So, what would happen to Orlando if they traded Dwight Howard for Tim Duncan? What happens to the Knicks if they can replace Al Harrington with King James? What would happen to the Bobcats if you replaced Raja Bell with Allen Iverson? Scratch that last one – it will only disappoint me. Well, you know how I came up with that formula in One of the 3 kinds of lies? Well, now you can use that on everyone in the league: Click here to go to the Player Swap Page.
I kept the same formula and the same stats for the hypothetical stats. You can review the basics on the Swap Page (and the link to the full article is also there). An addition I made with this tool: I do not just calculate what the team's efficiencies will be with their new player on the court, I also estimate how they might impact the overall team efficiencies. How's that, you may ask? Well, the initial example was Emeka Okafor and Tyson Chandler, and Emeka played about twice as many minutes last year as Tyson. That can be a problem depending on the quality of a team's bench – but it would not show up when only looking at on court efficiencies. So, I added a few extra rows – expected overall efficiencies when Tyson takes all of Emeka's minutes, when Tyson plays the same number he did last year – giving significantly more to the bench, and when Tyson plays the mid-point in minutes between his and Emeka's numbers. Basically, it penalizes someone if they are forcing their team into giving a lot of minutes to weaker players.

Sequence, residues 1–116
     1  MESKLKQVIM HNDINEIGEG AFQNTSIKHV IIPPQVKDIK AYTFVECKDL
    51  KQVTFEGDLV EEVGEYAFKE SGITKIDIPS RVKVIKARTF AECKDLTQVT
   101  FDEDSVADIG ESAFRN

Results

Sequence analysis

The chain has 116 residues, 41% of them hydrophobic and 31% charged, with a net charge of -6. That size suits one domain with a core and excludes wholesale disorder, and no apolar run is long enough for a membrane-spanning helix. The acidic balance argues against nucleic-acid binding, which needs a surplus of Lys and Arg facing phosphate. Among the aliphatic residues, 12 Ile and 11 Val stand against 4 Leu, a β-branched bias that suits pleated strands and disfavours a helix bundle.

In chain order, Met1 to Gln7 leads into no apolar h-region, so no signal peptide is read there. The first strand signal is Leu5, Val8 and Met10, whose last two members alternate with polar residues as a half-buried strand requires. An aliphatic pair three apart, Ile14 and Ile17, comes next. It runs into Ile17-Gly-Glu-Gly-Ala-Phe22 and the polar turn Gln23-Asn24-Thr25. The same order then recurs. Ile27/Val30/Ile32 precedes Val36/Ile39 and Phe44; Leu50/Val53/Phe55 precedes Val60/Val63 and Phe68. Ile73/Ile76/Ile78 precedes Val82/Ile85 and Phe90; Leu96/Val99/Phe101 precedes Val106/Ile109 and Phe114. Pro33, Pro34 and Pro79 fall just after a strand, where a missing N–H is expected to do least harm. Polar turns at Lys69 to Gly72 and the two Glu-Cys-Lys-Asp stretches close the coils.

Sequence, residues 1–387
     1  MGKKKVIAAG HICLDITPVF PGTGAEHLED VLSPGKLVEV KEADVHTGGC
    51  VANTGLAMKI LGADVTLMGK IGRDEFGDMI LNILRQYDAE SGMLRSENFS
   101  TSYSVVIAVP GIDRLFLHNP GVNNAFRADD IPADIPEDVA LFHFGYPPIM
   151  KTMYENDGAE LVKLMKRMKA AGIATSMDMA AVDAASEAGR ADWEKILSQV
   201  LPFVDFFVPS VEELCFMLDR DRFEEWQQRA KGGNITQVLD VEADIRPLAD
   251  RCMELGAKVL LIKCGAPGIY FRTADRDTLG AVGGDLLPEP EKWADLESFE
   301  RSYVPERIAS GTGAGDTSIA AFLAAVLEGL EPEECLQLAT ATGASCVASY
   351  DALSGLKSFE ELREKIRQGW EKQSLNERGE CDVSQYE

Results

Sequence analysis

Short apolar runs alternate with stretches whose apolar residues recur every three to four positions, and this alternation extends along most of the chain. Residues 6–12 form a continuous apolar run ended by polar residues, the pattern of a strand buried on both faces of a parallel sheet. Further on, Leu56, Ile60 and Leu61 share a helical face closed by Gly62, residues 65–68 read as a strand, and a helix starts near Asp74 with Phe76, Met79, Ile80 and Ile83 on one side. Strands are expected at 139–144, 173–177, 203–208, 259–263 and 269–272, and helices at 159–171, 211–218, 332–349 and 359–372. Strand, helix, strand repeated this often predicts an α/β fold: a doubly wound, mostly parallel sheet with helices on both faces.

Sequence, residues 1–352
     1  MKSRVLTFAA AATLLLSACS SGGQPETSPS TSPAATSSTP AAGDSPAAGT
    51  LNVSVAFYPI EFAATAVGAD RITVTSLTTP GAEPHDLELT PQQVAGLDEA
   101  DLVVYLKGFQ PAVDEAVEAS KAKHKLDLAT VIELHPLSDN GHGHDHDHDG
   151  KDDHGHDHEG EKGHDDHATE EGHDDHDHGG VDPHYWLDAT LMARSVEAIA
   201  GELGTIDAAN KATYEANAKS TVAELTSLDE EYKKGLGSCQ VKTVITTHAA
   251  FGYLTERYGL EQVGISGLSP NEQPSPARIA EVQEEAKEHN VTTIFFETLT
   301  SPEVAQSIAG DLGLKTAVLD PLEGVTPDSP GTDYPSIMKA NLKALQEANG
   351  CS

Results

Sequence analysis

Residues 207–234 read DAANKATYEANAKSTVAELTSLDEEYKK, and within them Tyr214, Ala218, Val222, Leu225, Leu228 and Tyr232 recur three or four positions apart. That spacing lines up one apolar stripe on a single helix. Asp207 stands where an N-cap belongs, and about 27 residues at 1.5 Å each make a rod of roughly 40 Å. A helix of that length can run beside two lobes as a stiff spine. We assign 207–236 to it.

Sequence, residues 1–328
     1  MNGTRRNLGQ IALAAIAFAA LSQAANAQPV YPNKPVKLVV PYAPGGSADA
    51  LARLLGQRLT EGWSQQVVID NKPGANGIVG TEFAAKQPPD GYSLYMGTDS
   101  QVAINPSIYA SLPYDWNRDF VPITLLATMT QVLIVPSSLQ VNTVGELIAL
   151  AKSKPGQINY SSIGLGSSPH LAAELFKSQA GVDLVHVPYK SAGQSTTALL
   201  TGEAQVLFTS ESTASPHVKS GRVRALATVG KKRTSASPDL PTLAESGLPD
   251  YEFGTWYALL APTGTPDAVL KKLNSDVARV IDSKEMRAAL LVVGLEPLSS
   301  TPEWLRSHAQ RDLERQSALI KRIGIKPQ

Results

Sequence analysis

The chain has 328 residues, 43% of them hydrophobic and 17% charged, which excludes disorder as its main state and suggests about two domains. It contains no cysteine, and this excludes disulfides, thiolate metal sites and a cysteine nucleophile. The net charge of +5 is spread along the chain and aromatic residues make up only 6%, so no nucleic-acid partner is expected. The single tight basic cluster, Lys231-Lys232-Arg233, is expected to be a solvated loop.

I am not repeating my caveats from the other post – so, look it over, use it and comment – it is by no means a finished product and I would welcome constructive feedback on it (or suggestions for other tools you might like to see it).